The results are in.

Data from 5.5 million public school students in grades 3-8 across the U.S. shows that gains in reading and overall achievement were lower in 2021 when compared to a typical year. This data, recently released by NWEA, highlights the impact of COVID-19 in the classroom. So, how can schools use a Structured Literacy program based on the best of Orton-Gillingham and the Science of Reading to regain lost ground? 

Why Structured Literacy?

During the pandemic, the overnight transition from in-person learning to virtual or hybrid instruction created unprecedented challenges for schools and teachers. Additionally, families with limited access to technology and the internet were further disadvantaged. While schools must evaluate these impacts on a case-by-case basis, the argument stands for a comprehensive approach to literacy instruction that transcends geographic, socioeconomic, and demographic differences to advance literacy across the board.. 

A proven Structured Literacy program can be a critical component of regaining literacy progress. Structured Literacy is a term that was created by the International Dyslexia Association in 2016 to consolidate the researched approaches to reading, including Orton-Gillingham, phonics-based reading instruction, systematic reading instruction, and synthetic phonics. Originally, the Orton-Gillingham method was developed specifically to teach students with dyslexia to read. Structured Literacy programs that take advantage of the best of Orton-Gillingham have the advantage of providing students with a multisensory and build block approach to reading, which they can easily understand and learn. 

More Reading: What Is Structured Literacy?


Structured Literacy is often contrasted with balanced literacy and whole language, the latter of which was the accepted approach to instruction through much of the 1980s and 1990s. The whole-language approach to literacy assumes that students will expand their understanding of text and reading concepts through repeated exposure to literature. In this approach, phonics, decoding, and spelling are not explicitly or systematically taught. Balanced literacy, by comparison, uses the whole-language approach with elements of phonics instruction built in.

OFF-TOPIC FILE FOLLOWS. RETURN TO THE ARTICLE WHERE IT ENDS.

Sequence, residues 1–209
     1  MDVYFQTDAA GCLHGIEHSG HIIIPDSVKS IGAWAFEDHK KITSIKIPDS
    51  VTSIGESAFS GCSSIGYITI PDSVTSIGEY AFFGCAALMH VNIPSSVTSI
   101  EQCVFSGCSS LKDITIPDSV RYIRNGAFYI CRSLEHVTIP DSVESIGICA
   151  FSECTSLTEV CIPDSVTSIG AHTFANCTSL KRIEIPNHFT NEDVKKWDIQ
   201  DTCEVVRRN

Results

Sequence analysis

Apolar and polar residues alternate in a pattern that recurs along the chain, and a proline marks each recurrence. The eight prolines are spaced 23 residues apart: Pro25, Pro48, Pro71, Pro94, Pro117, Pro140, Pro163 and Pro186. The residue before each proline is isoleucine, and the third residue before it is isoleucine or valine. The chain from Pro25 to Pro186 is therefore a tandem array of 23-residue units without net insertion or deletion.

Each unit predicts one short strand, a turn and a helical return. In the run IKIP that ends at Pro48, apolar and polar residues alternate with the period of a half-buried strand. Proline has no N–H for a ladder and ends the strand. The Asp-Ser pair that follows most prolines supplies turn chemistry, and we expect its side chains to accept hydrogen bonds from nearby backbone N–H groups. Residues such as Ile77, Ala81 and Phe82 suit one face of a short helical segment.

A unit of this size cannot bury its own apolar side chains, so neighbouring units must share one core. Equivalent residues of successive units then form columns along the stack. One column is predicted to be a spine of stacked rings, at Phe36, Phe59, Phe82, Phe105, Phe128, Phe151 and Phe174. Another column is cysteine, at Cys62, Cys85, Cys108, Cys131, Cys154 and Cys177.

Decades of reading research has shown that reading is not an innate ability and requires explicit instruction. While balanced literacy has been upgraded to meet evolving standards for teaching reading, Structured Literacy combines all of the approaches currently accepted with the added support of scientific research.

IMSE’s approach to Structured Literacy includes the best of Orton-Gillingham and the Science of Reading (SOR) . SOR is a comprehensive body of research that encompasses years of scientific knowledge, spans across many languages, and shares the contributions of experts from relevant disciplines such as education, special education, literacy, psychology, neurology, and more. The result is a proven approach to professional development that allows districts, schools and teachers to rapidly implement a Structured Literacy program that has immediate impact.

Structured Literacy and Orton-Gillingham Professional Development

With a focus on recovery in schools as society moves forward from the COVID-19 pandemic, there are opportunities for positive change. When we think about assessing and improving literacy and best practices in the classroom, developing a school-wide or district-wide plan for professional development can drive consistency and boost student outcomes consistently and comprehensively. 

For schools that are trying to regain lost ground in reading or that simply wish to safeguard against future disruptions, Structured Literacy can be the best answer. 

In the expert-led professional development program offered by IMSE, teachers are empowered with a deeper knowledge of Orton-Gillingham and other proven literacy approaches as part of IMSE’s overall Structured Literacy training and classroom programs. IMSE’s approach to Structured Literacy includes the five essential components of an effective reading program: 

Upon completion of IMSE’s training, teachers are able to apply explicit, sequential, and multi-sensory techniques that rapidly improve reading outcomes for students at all levels. Some schools and districts even elect to have faculty members certified as IMSE trainers to ensure continuous, consistent implementation of IMSE’s program. 

Learn More: IMSE for Schools and School Districts


The 2020-2021 school year was an extreme test of our education infrastructure. It exposed vulnerabilities both in school and at home for many teachers and students. As we continue to recover from interrupted instruction and reconcile declines in reading achievement, we have an opportunity to innovate within our schools and upgrade the way we deliver literacy instruction.

Please connect with us on Facebook, LinkedIn, Twitter, and Pinterest to get tips and tricks from your peers and IMSE. Read the IMSE Journal to hear success stories from other schools and districts, and be sure to read the OG Weekly email series for refreshers and tips.